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About The Hesperian / (Lincoln, Neb.) 1885-1899 | View Entire Issue (April 28, 1899)
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f JVol. XXVIII:
LINCOLN, NEBRASKA, APRIL 28, 1899.
Col. Stotsenburg Killed.
Col. John M. Stotsonburg of the 1st Nebraska, formerly
Commandant of Cadets at the State University, was shot and
instantly killed while leading a charge on the insurgent in
v trenchmonts, last Sunday. Ho had just returned from Manila
,'j on a visit to his wife. As ho came upon the field, ho found
the Nebraska men exposed to the tire from the insurgent
trenches. The Nebraskans were ordered to charge. Col.
. Stotsonburg placed himself at the head of the regiment and
fearlessly led them in the charge. An insurgent bullet struck
Him in the breast, close to the heart, and he foil dead about two
hundred yards from the insurgent trenches. The troops
pushed on and captured the trenches. The Nebraska boys
were overcome with grief at the death of their colonel.
. Col. Stotsenburg was born in Indiana Nov. 2tt, 1853. He
graduated from West Point in 1881. He was appointed sec
ond lieutenant of the Gth Cavalry, and stayed with his regiment
until December, 1897, when ho was appointed professor of
fyis military science in the University of Nebraska. Ho became
f '-major of the 1st. Nebraska Volunteers, May 9, 1S9S, and
I colonel of the same regiment Nov. 10, 1898. Considerable
complaint was made when he was appointed colonel by Gov.
Hojcomb. Letters were written back by members of the reg
imont complaining of his strictness, and the legislature passed
a resolution asking for his dismissal. Recent events have
shown the good results of the discipline which the 1st Nebraska
regiment was compelled to undergo. It has taken rank as the
loading volunteer regiment in the service. It has been as
steady and reliable as the regulars. They were placed in the
most responsible position at the beginning of this Filipino
war, because, as Gen. Otis said, "They can be depended
upon." They have scon the hardest lighting and have suf
fered greater loss than any other regiment in the Philippines.
John T. McCutcheon, in the Chicago Record, interviewed Col.
Stotsonburg the day before his death. Ho says, "I had a
conversation with Col. 'Stotsonburg yesterday. lie was at
Manila, where his wifo is staying. Ho said ho wished ho was
baclc in America. 'I am tired of fighting, ' said he, 'and I am
j u. tired of seeing my men killed. More of the men in my regi-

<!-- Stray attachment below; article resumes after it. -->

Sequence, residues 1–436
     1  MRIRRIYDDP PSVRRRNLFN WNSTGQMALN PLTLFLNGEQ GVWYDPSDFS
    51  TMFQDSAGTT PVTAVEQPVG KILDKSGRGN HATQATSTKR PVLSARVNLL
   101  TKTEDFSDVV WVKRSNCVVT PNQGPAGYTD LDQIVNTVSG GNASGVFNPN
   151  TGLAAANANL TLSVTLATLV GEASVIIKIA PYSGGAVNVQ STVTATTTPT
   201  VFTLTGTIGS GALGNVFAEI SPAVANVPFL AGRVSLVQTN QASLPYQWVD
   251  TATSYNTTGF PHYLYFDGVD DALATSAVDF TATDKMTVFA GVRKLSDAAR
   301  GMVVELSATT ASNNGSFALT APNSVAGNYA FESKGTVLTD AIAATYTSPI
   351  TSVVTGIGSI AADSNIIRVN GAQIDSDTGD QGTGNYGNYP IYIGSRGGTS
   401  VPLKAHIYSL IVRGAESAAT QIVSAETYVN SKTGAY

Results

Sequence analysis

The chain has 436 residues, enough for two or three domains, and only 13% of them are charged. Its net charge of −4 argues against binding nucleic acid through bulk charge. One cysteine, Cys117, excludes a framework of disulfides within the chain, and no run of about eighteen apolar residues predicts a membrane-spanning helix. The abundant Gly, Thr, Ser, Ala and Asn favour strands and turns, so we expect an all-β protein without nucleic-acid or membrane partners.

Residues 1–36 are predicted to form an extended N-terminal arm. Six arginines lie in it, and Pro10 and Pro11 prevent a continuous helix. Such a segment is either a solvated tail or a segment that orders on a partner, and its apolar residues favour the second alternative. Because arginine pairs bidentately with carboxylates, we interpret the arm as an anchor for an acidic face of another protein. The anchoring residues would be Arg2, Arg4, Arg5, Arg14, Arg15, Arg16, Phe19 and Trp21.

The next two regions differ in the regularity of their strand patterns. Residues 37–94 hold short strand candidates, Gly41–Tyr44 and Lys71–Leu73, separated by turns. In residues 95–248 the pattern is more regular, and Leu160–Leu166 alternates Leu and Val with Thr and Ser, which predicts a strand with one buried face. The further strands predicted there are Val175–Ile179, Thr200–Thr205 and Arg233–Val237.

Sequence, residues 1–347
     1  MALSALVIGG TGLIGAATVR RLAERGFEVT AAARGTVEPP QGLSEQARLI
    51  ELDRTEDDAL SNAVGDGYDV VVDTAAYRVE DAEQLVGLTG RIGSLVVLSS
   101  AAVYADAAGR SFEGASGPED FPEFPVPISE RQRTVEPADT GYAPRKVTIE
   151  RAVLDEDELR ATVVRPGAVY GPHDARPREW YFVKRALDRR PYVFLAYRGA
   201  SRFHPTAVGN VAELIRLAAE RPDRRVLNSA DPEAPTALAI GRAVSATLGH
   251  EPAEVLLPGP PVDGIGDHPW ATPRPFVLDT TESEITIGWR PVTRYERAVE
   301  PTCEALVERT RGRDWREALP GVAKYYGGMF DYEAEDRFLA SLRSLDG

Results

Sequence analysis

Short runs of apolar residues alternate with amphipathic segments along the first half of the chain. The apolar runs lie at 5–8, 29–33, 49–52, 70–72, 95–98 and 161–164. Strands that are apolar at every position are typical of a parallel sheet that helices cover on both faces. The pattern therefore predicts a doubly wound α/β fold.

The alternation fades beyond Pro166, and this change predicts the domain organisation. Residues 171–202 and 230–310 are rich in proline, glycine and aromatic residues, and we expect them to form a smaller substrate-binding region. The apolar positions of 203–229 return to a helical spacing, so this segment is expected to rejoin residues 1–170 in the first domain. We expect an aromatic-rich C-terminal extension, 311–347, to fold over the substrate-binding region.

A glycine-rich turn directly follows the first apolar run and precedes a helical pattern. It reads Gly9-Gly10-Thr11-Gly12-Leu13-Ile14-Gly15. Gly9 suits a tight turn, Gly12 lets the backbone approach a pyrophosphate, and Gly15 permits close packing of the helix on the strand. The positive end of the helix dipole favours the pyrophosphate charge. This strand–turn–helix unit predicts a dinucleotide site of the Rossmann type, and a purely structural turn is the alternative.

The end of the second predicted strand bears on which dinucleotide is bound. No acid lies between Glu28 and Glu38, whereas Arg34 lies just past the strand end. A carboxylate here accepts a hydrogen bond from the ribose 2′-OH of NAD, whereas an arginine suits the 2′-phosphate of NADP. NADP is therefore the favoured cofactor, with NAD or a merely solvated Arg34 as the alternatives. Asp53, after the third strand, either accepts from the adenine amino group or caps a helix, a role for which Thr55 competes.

.njent have been killed than in any other regiment in the Phil
Jffcf " ippines. Since March 25th, fifteen of my bravo boys have
3bee' killed and one hundred and twenty wounded, and tnoro
i are duc six nunareu unu uuy uiun hi wiu luftimuui,
F'. lm. A memorial service in honor of Colonel John
burg was held in chapel Monday morning. After the singing
of a funeral hymn and prayer, . the chancellor told of the
colonel's connection with the University, his enlistment in the
volunteer army, and his death while gallantly leading his com
mand. Colonel Stotsenburg's talk to the soldier boys in the
chapel a year ago was called to mind. In that address he had
dwelt on two important points: care of health and character.
Colonel Stotsenburg always stood up for high and noble char
acter When the chancellor expressed regret, that resolutions
so un-American as to condemn the character of a man who
could not bo heard in his own defense, a solemn cheer went
up from the assembly.
Professor Kimball rendered Beethoven's "Funeral March,"
and Mrs. Holyoke sang, "Trust in the Lord."
Assistant Secretary of War Moiklejohn sent the following
letter of condolence upon the death of her husband to Mrs.
Stotsenburg: Washington, I). C, April 25, 1899,
Deah Madam: The sad intelligence that your husband,
Col. John M. Stotsenburg, First Nebraska IT. S. V., has been
killed in battle is received by this department and occasions
deep sorrow and regret, both personal and official. His great
ability, dauntless courage, high character and unsullied honor
made him a soldier to whom, in the hour of need, this depart
ment and his country looked for gallant deeds and effective
service, and did not look in vain. He met death in the dis
charge of his duty. Adoration can say no more; Malice could
say no less. He has achieved the highest honor it is possible
for a soldier to attain. His life as a man, his record as a sol
dier closes with this inscription on the roll of fame: "John M.
Stotsonburg, Colonel U. S. V., killed in battle at the head of
his command while loading a charge on the intronchments of
Ho is a hero, and leaves to his children the priceless heritage
of air heroic ancestor.
I did not have the honor of a personal acquaintance, but
learned to know liim by his services in the war, and corre
spondingly admired him. 1 wish I could command expressions
which would convoy to you, dear madam, the sympathy 1 feel
for you and yours in this hour of your sorrow and trial. Com
fort you, I cannot, but if there is a service I can perform for
you, it will be esteemed' a privilege to perform it.
Yours, in sincere friendship,
G. D. Meikl-bjoiin.
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